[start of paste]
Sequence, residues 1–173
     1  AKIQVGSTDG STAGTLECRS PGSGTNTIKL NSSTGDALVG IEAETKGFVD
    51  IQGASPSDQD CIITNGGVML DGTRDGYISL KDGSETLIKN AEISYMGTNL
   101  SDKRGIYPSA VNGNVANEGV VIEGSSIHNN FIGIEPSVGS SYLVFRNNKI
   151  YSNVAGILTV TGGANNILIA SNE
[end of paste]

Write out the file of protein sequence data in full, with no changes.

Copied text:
Sequence, residues 1–173
     1  AKIQVGSTDG STAGTLECRS PGSGTNTIKL NSSTGDALVG IEAETKGFVD
    51  IQGASPSDQD CIITNGGVML DGTRDGYISL KDGSETLIKN AEISYMGTNL
   101  SDKRGIYPSA VNGNVANEGV VIEGSSIHNN FIGIEPSVGS SYLVFRNNKI
   151  YSNVAGILTV TGGANNILIA SNE